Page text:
We Still Don’t Know If Masks Work


Recently a paper was published which got attention by estimating that 100% mask wearing in the population would cause a 25% reduction in the effective transmission number (shortened to transmissiblity throughout).

This study was observational and so inferring causality is always difficult. Thanks to the excellent data availability I was able to replicate and attempt to validate the model.

Based on my analysis, this study does not provide good evidence for such a causal link, and there is evidence to believe that the observed correlation is spurious.

Model Details:

The paper uses a fairly simple model in combination with MCMC sampling to arrive at their estimates of the effectiveness of various interventions. This simple model allows them to combine multiple disparate data sources together to get an estimate combining multiple possible effects.

In order to arrive at its estimate of transmissibility the model considers the following parameters.

  • Various NPIs such as school closing or restrictions on gathering at a regional level.

  • Regional Mobility (based on Google Mobility Reports)

  • Self Reported Mask Wearing (based on Facebook surveys)

  • A custom regional factor.

  • Random variation in transmissibility over time.

It then computes the most likely distribution of weights for each of these factors based on the likelihood of matching the observed cases and deaths.

Observational Window:

One common criticism of this paper has been that the window was chosen specifically to make masks look better. If the analysis was extended to include the winter spike, masks would come out looking worse.

This was the critique I initially started out to analyze, but it does not appear to be true. When I extended the analysis window to December, masks still appeared to be effective. In fact the claimed effectiveness increased to 40% over that interval. The data on NPIs in the model is not as high quality for the full interval, but the effect being observed seems robust to a wider time range.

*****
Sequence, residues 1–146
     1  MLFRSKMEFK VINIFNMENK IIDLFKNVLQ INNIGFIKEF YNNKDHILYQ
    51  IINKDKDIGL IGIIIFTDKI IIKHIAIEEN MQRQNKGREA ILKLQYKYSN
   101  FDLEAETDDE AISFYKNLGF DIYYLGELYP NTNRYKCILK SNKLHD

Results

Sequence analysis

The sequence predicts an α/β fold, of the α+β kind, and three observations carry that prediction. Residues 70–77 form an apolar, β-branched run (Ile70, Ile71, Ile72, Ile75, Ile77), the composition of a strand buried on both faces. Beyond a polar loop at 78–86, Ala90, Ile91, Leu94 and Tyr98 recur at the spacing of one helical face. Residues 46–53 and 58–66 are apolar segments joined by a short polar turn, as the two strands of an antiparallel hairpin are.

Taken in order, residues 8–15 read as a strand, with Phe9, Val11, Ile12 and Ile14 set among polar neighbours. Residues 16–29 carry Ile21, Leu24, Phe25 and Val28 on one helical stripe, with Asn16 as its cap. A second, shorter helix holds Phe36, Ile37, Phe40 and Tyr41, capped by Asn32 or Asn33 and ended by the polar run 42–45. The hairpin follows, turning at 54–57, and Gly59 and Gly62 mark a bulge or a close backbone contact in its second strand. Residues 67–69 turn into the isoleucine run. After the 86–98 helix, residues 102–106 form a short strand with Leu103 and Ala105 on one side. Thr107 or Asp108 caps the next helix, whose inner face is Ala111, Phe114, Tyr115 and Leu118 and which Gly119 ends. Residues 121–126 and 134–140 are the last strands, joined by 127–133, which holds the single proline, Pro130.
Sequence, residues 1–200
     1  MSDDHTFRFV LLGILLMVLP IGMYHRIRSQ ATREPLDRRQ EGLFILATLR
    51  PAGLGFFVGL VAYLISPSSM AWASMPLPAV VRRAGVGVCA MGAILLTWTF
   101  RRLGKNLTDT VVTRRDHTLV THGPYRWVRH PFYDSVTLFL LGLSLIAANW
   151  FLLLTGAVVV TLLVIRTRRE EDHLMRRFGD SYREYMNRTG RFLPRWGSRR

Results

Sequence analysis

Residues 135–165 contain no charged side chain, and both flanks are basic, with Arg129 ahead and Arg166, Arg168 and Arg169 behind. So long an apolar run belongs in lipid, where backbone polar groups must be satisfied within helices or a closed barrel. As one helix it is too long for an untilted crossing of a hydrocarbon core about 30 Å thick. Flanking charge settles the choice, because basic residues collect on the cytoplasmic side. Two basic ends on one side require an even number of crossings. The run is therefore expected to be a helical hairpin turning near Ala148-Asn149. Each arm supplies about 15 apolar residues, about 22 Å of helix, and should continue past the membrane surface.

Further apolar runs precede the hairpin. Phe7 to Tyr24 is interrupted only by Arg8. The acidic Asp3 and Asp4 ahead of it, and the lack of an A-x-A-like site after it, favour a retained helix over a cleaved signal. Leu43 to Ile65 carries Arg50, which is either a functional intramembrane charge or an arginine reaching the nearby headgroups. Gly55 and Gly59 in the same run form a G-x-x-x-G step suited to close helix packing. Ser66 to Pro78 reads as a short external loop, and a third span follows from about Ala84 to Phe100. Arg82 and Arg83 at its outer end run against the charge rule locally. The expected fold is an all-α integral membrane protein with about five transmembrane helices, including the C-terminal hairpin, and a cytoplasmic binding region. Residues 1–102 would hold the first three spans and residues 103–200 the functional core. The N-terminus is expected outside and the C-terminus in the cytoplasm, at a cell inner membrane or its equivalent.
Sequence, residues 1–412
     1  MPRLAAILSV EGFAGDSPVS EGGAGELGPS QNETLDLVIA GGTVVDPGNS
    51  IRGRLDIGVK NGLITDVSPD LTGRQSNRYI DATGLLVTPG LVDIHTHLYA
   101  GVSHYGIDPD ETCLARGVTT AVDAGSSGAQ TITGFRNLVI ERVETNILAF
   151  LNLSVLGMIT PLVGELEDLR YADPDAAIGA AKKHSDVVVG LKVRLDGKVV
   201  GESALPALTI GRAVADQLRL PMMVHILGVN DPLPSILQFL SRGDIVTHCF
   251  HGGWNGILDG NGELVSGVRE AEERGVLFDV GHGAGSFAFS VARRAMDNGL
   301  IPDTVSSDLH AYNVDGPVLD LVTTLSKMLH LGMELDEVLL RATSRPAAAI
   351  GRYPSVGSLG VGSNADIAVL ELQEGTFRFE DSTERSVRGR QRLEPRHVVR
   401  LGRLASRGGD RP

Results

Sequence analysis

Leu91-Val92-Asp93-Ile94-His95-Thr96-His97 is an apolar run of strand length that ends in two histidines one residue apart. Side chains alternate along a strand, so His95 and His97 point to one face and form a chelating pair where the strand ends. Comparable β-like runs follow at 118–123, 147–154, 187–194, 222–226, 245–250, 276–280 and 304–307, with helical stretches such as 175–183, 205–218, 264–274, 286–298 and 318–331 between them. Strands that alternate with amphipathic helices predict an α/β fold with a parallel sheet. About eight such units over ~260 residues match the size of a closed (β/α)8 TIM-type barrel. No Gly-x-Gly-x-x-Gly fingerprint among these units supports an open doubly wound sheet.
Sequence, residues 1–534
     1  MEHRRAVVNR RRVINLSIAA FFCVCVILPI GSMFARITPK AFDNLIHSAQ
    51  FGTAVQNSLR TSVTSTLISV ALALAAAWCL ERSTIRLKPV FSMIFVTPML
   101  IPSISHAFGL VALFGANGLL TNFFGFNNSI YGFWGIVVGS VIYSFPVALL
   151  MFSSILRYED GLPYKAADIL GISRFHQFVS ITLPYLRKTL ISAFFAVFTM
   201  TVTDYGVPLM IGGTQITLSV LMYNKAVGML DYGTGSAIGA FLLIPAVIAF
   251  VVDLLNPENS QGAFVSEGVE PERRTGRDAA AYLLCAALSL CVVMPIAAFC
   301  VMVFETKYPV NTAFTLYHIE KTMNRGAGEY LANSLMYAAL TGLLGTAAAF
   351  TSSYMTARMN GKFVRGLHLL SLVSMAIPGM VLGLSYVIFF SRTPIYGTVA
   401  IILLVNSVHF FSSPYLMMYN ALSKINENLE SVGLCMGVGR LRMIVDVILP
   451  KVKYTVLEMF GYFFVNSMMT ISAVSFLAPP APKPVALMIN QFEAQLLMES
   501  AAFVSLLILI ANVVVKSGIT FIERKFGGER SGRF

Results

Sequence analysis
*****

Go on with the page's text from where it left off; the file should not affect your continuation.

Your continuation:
Regional Effects:

If mask wearing causes a drop in transmissibility, then regions with higher levels of mask wearing should observe lower growth rates. This figure from the paper makes the implication clear. In fact the model does not actually make that prediction. Instead (holding NPIs and mobility constant) regions with higher mask wearing are predicted to have higher growth.

This occurs because the custom regional factor learned in our model actually correlates positively with mask wearing.

If we apply the expected 25% reduction in transmissibility for complete mask wearing we see that the higher masked regions still have slightly higher transmissibility.

Relative vs Absolute Mask Wearing:

This analysis of the data leads to a seeming contradiction. Within a given region, increased mask usage is correlated with lower growth rates (the 25% claimed effectiveness), but when comparing across regions masks seem to be ineffective. Depending on the causal story you want to tell, either of these claims could be true.

It is possible that people wear masks most in places where COVID is most transmissible. This would explain why masks don’t appear effective when comparing across regions.

However it is also possible that the same factors cause both mask wearing to increase and transmissibility to decrease. For instance, if people wear masks in response to an observed spike in cases, then the population immunity caused by the spike will make masks appear to be effective even if they are not.

Model Variations:

In order to try and determine whether the effect was likely to be true I tried two variations on the experiment.

Uniform Regional Transmissibility:

The first experiment was to force all regions to share the same base transmissibility. This provided an estimate that masks had an effectiveness of −10% (less effective than nothing). This validates the basic concern, but does not address the confounder of high transmissibility regions causing mask wearing (which causes transmissibility to decrease).

No Mask Variation:

The next experiment was to force each regions to use a constant value for mask wearing (the average value in the time period). Although this would add noise to the estimate, it should distinguish between the two effects. In this experiment masks appeared to be reduce transmission, but the point estimate was only ~8% and was not significantly different from 0.

Data Extrapolation:

Another experiment would be to look at the difference between April and May. During this period mask usage did increase (by around 8 percentage points) and the growth rate did decline. But again there was little to no correlation between how much the mask usage increased, and how much the growth rate declined.


The failure of large absolute differences in mask wearing across regions to meaningfully impact the observed growth rate, should make us skeptical of large claimed effects within a particular region. Clever statistical methods can make observational studies more powerful, but they are not sufficient to prove a causal story. A randomized trial underway in Bangladesh found that they could increase mask wearing by 30 percentage points. This randomization allows us to infer causality with much more confidence, and should provide a more definitive answer.